In our telephone conversation, Erwitt is reticent talking about his past or much about his pictures. Asked about his 1961 assignment on the set of “The Misfits” (photographing actors Clark Gable, Marilyn Monroe, Montgomery Clift, Eli Wallach and Thelma Ritter along with screenwriter Arthur Miller and director John Huston), he says only: “It was another job, but an interesting one — one of the better ones, full of interesting people.” A book of “Misfits” stills taken by him and other Magnum photographers will be published soon.

Of his early attraction to photography, Erwitt gives a characteristic reply: “Everybody’s got to do something … I’d been on my own since an early age and I thought I better find something to do to buy biscuits and stuff. From high school onwards I was earning my way with photography, one way or another, working in darkrooms and taking pictures of weddings, neighbors’ children and so on.”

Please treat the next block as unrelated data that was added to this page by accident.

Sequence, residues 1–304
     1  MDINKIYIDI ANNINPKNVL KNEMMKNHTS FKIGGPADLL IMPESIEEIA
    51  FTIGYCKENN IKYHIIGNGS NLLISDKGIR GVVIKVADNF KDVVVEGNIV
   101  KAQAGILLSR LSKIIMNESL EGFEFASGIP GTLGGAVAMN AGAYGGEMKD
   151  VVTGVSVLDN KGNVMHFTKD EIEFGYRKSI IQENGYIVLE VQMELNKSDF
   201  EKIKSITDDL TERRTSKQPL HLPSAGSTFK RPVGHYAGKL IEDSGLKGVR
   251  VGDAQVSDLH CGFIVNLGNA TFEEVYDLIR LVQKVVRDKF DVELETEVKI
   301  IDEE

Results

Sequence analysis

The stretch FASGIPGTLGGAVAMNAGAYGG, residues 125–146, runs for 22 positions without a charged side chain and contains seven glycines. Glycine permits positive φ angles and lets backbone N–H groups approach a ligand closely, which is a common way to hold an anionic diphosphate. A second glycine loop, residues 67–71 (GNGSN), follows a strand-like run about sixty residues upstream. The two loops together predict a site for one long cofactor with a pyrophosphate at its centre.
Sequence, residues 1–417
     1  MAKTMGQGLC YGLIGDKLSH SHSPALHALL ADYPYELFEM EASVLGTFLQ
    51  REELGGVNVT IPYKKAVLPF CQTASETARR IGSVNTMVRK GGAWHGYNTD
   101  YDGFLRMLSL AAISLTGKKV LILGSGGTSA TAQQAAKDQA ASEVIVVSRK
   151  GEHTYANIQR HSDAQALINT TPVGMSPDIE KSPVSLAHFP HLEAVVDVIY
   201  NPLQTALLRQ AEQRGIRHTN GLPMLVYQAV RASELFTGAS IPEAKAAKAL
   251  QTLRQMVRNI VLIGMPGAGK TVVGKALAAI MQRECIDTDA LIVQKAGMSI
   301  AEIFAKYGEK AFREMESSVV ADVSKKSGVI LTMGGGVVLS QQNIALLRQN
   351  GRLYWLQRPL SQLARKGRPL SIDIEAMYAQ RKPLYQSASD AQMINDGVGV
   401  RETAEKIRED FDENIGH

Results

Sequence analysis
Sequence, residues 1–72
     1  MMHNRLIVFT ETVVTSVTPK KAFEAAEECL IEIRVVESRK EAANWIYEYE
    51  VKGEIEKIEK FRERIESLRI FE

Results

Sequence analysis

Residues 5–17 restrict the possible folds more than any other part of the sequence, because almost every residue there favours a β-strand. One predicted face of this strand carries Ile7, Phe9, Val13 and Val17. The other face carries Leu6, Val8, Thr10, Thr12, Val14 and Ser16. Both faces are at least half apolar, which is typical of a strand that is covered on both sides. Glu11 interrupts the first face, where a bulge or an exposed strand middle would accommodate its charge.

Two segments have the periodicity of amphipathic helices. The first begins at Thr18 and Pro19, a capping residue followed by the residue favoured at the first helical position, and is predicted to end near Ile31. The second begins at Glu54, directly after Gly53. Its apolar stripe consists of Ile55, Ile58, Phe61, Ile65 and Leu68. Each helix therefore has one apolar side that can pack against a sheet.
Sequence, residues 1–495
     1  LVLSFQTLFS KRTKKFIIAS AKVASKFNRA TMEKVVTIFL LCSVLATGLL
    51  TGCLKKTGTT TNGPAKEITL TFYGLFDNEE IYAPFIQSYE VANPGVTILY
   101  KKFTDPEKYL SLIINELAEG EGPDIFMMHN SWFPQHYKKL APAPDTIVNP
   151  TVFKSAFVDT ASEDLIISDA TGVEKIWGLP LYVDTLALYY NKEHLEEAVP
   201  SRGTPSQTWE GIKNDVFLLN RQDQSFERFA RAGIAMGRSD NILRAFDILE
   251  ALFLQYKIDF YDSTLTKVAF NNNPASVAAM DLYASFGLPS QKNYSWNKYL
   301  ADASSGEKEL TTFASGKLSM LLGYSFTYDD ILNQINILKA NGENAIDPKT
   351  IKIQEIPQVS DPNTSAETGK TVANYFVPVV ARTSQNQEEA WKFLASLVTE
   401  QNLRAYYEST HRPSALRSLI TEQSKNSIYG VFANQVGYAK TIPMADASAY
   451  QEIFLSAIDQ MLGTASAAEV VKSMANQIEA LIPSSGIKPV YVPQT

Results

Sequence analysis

Clearly, he was doing more than just earning his way. On a trip to New York to show his work, the young Erwitt gained the regard of three of photography’s most powerful overlords: Edward Steichen at the Museum of Modern Art, Robert Capa at Magnum and Roy Stryker at the Standard Oil photo library. Steichen included several of Erwitt’s pictures in MoMA’s monumental 1955 “Family of Man” show, Stryker hired him as a staff photographer and Capa promised a membership at Magnum after Erwitt’s two-year Army hitch. He has been with the agency since 1953.

Since then, Erwitt has kept true to his roots, eschewing color photography, outside of client work, for the classic nuances of the black-and-white palette. “I don’t think of it as old-fashioned or new-fashioned,” he says. “It’s just the way I work. Aesthetically I prefer it, and I can control it — print it and so on.”